It was a bright morning, so I decided to take a walk through the town with my camera.
I live a few blocks from the church of St Thomas the Martyr, famous for its role as one of the churches at the forefront of the Oxford Movement in the mid-1800s. I wrote an essay last year titled “Ango-Catholicism in St Thomas’s Parish” which detailed especially the ritualistic contributions of the vicar Thomas Chamberlain to the Tractarian movement. It’s a wonderful old church originally built by the monks at Osney Abbey for the people outside of the abbey gates. Now the abbey is gone, but St Thomas’s continues on, and even today the church is especially known as a “High Church”. As I passed through the churchyard I admired the old clock on the tower.
In the gable above the porch door is a plaque, sundial and coat of arms of Robert Burton, who was vicar of the church in the early 1600s. He was famous for his book ”The Anatomy of Melancholy”.
Here is a wonderful portrait of him from the hall at Brasenose College, I hope to take my own photograph sometime, I think (surprisingly, considering…) that he looks incredibly fun.
The coat of arms and sundial:
This 13th-century priest’s door in the south wall is one of the oldest in Oxford, with original medieval metalwork.
The graveyard was full of snowdrops and crocuses.
Just outside of the church is an archway which is all that remains of the buildings of The Community of St Thomas Martyr, a sisterhood that was founded by Chamberlain in the 1880s, but closed in the 1950s.
Walking into town, I passed the gate to what was until a few years ago the yard of the Lion Brewery, now closed. There are no more breweries in Oxford, which I find really sad, especially considering that it was once a one of the great trades in the town.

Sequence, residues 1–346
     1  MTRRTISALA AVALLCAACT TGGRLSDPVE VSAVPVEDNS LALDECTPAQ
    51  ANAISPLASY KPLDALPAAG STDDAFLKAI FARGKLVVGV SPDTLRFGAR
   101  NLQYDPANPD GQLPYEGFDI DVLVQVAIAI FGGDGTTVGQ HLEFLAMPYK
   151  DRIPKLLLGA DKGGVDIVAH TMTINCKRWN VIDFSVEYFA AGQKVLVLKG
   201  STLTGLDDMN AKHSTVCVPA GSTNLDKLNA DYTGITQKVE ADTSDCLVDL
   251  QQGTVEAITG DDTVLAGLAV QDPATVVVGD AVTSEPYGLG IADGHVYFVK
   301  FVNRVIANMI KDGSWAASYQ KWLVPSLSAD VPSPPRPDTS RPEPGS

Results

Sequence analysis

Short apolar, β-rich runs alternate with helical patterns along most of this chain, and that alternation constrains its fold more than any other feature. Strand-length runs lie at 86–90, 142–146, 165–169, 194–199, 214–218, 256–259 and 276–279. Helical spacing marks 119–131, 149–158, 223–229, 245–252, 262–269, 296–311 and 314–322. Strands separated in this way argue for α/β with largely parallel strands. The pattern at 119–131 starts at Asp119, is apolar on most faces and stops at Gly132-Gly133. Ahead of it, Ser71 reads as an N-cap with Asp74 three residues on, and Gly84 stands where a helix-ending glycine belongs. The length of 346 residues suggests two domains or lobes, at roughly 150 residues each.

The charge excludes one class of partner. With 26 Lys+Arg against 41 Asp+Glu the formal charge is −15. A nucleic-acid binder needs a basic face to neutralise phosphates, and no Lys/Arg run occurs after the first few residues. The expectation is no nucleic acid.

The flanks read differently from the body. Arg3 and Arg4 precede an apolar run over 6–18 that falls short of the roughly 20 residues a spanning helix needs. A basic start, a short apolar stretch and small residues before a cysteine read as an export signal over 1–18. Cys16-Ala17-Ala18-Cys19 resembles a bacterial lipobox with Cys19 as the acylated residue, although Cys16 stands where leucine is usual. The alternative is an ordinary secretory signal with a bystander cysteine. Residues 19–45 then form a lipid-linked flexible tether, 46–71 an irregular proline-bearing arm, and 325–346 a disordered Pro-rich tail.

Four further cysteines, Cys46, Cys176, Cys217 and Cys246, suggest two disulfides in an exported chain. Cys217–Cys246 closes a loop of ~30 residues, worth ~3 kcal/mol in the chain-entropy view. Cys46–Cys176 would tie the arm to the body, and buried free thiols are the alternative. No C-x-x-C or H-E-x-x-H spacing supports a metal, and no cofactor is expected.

These are ornaments on the Oxford Union building:
This is a small statue of St Michael, a guardian in a nook on St Michael Street.
A wonderful old building on Cornmarket Street:
Some details from college buildings:
A statue and some crocuses at the church of St Mary Magdalen.
The beautiful gardens at Magdalen College:
The last stop on the walk was Christ Church College. This is the Cathedral at Oxford, it was established at the Priory of St Frideswide just after the dissolution by Henry VIII when he closed Osney Abbey and moved the new bishopric here. Inside there is a beautiful shrine to St Frideswide, the Anglo-Saxon patron of Oxford, here some candles are lit beside the shrine.
Additional images from the cathedral:
Finally, this stained-glass of St Michael and the Host of Anglels, probably my favourite stained-glass in Oxford. Beautiful.
See the entire gallery of today’s images here: http://www.robertmealing.com/photography/recent-photographs/oxford-early-march-2010/